A PRIEST was thought to be writing speeches for Sinn Fein president Gerry Adams during the early 1980s, newly-released records show.
During a particularly vicious phase of the Troubles, SDLP MP Seamus Mallon claimed Mr Adams’s speeches were not being penned by him.
In Irish Government documents released under the 30-year rule, Mr Mallon said he thought a respected Belfast priest, Father Des Wilson, was the brains behind the republican leader’s speeches.
The State papers show the unsubstantiated claim was carried back to the Department of Foreign Affairs in Dublin in late 1983 following one of its fact-finding missions in the north.
Diplomat Daithi O Ceallaigh wrote: “He referred on a number of occasions to the speeches made by Adams in recent times which he thought were very well written. He claimed that Adams could not himself write such speeches and said it was his guess that they were being drafted by Fr Des Wilson.”
Mr Adams has spoken highly of Fr Wilson, crediting him as a key facilitator in ending inter-republican disputes in the 1970s and also helping to open dialogue with loyalist paramilitaries.
State papers also show the Irish government tried to get then US Vice President George Bush involved in tackling the Troubles by warning the Soviet Union would exploit growing IRA support.
Records reveal that ahead of a one-day visit to Dublin in 1983, officials said then Taoiseach Garret FitzGerald should use the Soviet threat as a way of getting support from the US.
The advice was offered amid planning for the arrival but White House aides were less preoccupied with the Northern Ireland question and more on arrangements for a “spontaneous meet-the-people” stop for Mr Bush in a pub.
Advisers wrote: “It is suggested that the Taoiseach and the Minister rather than stressing the fact that Sinn Fein made little or no gains in the recent election, should on the other hand emphasise the present serious level of support and the opportunities which this creates for subversion and indeed outside (Soviet) exploitation.”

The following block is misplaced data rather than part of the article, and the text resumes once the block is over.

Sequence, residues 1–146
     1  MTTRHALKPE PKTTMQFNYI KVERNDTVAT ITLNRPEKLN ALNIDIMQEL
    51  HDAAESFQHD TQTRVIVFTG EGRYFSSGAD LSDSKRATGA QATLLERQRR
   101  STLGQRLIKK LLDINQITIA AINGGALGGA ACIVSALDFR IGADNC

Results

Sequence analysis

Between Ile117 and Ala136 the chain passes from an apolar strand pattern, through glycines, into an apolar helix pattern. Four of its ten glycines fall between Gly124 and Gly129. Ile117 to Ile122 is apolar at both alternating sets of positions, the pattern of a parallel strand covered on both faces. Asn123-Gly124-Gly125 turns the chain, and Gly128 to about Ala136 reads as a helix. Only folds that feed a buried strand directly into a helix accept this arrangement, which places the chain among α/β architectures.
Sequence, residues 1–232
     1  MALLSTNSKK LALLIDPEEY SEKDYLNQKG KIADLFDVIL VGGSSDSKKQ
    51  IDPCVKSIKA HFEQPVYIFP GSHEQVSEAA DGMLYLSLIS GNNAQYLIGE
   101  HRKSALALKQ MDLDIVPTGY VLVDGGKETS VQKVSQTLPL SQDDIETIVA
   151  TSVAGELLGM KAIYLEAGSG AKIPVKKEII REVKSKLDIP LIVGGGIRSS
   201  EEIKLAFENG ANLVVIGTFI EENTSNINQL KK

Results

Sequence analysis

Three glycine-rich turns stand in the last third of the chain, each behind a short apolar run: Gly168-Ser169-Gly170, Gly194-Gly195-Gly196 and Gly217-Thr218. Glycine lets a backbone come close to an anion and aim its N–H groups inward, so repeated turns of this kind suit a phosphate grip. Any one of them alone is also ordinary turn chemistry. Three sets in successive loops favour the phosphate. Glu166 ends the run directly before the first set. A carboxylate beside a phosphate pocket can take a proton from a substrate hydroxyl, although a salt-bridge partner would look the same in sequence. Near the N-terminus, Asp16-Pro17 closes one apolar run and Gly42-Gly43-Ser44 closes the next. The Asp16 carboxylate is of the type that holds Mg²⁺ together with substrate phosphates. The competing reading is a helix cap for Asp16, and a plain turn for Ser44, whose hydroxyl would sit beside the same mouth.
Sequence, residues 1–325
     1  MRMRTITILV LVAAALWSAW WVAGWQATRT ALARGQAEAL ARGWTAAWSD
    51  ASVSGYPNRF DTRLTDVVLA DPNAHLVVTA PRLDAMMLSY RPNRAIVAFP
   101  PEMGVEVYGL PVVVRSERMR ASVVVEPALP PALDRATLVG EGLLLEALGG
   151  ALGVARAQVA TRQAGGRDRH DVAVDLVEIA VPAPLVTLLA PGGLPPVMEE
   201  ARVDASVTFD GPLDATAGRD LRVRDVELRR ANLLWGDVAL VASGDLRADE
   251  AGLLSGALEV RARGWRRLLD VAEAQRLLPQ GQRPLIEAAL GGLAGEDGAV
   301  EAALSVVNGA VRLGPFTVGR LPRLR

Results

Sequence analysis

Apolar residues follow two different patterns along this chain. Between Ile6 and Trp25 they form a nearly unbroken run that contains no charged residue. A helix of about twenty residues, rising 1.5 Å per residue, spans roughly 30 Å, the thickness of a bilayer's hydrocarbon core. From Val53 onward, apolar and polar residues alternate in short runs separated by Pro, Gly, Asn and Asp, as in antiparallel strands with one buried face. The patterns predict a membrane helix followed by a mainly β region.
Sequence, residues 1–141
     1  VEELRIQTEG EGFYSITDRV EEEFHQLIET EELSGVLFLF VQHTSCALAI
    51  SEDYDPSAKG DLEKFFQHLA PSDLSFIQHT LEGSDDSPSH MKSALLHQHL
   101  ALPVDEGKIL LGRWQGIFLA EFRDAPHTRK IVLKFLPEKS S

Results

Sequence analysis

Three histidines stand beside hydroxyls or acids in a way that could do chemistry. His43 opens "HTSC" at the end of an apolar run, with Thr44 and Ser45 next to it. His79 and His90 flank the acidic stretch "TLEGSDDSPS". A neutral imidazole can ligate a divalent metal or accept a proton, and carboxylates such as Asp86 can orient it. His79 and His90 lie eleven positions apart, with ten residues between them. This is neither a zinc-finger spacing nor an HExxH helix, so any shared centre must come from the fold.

The steering note in files from the Department of Foreign Affairs said that Dublin felt the British Government was not taking the Northern Ireland question seriously.
Officials told the Taoiseach to warn Vice President Bush that Sinn Fein was becoming an increasing left wing party and that nationalists were feeling increasingly alienated from the political process in Northern Ireland.
Papers also reveal Democratic Unionist Ian Paisley tried to get around being barred from the US by asking the United Nations secretary general for an interview.
The former Northern Ireland first minister had a visa revoked three times in 1981 and 1982 as he attempted to get into the US and put the unionist version of the Troubles across.
At the time, the US state department said the decision to stop Mr Paisley at the border was based on his “near advocacy of violence”.
But according to documents released by the Department of Foreign Affairs in Dublin, diplomats were told privately that it was more about him personally than his policies.
Official Jimmy Sharkey warned officials in Dublin in early 1981 not to intervene in any visa row for fear of being seen to silence the DUP chief.
He wrote: “For us to try and block his admission would only enhance his publicity... there would be dangers of a highly damaging misrepresentation if we were to move.
“We would feel that Paisley would have the elementary good sense to keep the Pope out of his remarks when in the USA and to present a political message, however hardline.”
In January 1982, Mr Paisley attempted to flank America’s immigration chiefs by sending a telegram to UN secretary general Javier Perez de Cuellar seeking an interview.
The prospect of the UN being dragged into the Northern Ireland question greatly exercised British diplomats, as one Irish official wrote: “The UK Permanent Representative was disturbed by the possibility of the NI issue being raised at the UN and the likelihood that other groups would follow Paisley’s lead.”
Mr Paisley went to Canada in January 1982 while his wife Eileen went to the US with a unionist delegation.